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Rogers: iPhone "slammed brakes" on rivals

updated 10:50 am EDT, Tue July 29, 2008

Rogers on iPhone 3G demand

Sales of other phones on Rogers Wireless' network virtually ground to a halt the day of the iPhone 3G announcement in late April, company president Nadir Mohammed said today during a call discussing the company's latest quarterly results. Although the cellular business helped drive Rogers' year-over-year quarterly revenue increase of 11 percent to $2.8 billion without the iPhone on sale, the company executive notes that demand for other devices "slammed on the brakes" the same day as Rogers announced it would launch the Apple device during the summer.

Demand for devices remained cool roughly up until the launch of the iPhone itself, according to the report. Nokia and Rogers significantly halved the N95 8GB's price to $200 on contract less than a week after the iPhone 3G release in a bid to stimulate sales versus the iPhone, which has most of the same hardware features at the same price.

Mohammed also reveals that Rogers was completely taken by surprise with the opportunity to launch the device, regardless of whether it used Apple's original model of sharing monthly revenue or the new device subsidy approach. "We didn't anticipate that we would launch that device under any model this year," he says.

The company nonetheless believes Apple's current approach is "highly, highly attractive" to Rogers. Although the up-front discount on the device is the largest the company has ever had, the higher average revenue per user is expected to more than offset the initial price of the phone as nearly all customers are likely to sign up for a data plan and potentially extra features. Mohammed declines to specifically identify its user behavior, however, and notes that most phones of the class have a "honeymoon period" of between 90 to 120 days where service usage is extremely heavy.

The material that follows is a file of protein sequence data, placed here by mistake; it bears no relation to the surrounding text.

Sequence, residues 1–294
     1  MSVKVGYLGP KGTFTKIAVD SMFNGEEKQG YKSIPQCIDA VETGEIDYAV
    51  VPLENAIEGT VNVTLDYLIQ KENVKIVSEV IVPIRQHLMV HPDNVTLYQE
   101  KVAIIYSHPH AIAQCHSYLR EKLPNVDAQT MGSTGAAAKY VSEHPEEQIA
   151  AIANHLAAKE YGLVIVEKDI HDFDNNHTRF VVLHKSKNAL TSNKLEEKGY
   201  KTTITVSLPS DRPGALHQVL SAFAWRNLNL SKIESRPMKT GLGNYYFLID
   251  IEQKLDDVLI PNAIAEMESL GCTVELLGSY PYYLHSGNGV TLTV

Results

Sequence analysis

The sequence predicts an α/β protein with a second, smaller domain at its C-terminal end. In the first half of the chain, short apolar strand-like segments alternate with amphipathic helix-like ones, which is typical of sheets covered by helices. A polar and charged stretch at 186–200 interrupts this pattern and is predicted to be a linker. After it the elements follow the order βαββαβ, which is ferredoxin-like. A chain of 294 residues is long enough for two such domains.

Rogers has committed to buying at least $150 million in iPhones and will spend more as necessary.

The Canadian provider further adds that non-disclosure agreements prevent it from discussing the ratio of customers upgrading versus new additions, but says that it would be "premature" to provide any kind of definite answer. AT&T in the US has said that a significant minority of new iPhone 3G subscribers are conversions from competing networks.

by MacNN Staff



  1. jdonahoe

    Joined: Dec 1969


    Significant minority?

    What the h*** is a significant minority? Do they mean to say that almost nobody switched from another provider?

  1. luckyday

    Joined: Dec 1969



    Who writes this c***?

  1. testudo

    Joined: Dec 1969



    does this mean no one is buying any phone but the iphone, or just no one was buying anything but an iphone on release day?

    And why would anyone buy any phone but an iphone that day? First, Rogers, from all reports, sucks as a provider, so it isn't like people would line up for them. And, more importantly, you see a phone store with a bunch of people in it, you know you're not going to be served anytime soon, so you just don't bother entering in the first place.

  1. DahlBryn

    Joined: Dec 1969


    Bunch of BS

    I live right in the heart of downtown Toronto, ON.
    I mean RIGHT downtown... blocks from Eaton Centre.

    There are 2 large size Rogers retail outlets and 3
    small Rogers franchise cellular outlets within 3
    blocks radius of me and I've been to every store
    to see and "experience" the sales cycle. As of this
    past Sat. NO one in the larger stores asked if I
    wanted assistance or info on the iPhone I looked at.

    And in all stores, I approached a rep and specifically
    asked how much they had left in stock and how
    many have they actually sold. "Lots" was the common
    response, but when pushed to compare to their
    regular line-up of phones, well thats a dif. story...

    NOT one store was sold out and only one store said
    they sold 18 units, but the rest did NOT sell more
    than 12 units in the past two weeks... and this in the
    busiest areas of Toronto and the whole country !

    So, you're full of c*** Rogers. You sold more
    Blackberry's from those stores than iPhones. I asked.
    If you had to guarantee a $150 million iPhone contract
    then you've got a long way to go to catch up.

    Enough with the high prices, poor service and lies !!
    We're all fed up with your PR BS.

  1. testudo

    Joined: Dec 1969


    Re: bunch of BS

    Not necessarily BS. Just because they weren't selling every one of their iPhones doesn't mean people bought others. Let's be fair. Rogers can easily not sell all types of phones, not just iphones.

  1. Neil Anderson

    Joined: Dec 1969


    Significant minority?

    Significant minority: Less than half but enough to be worthy of attention.

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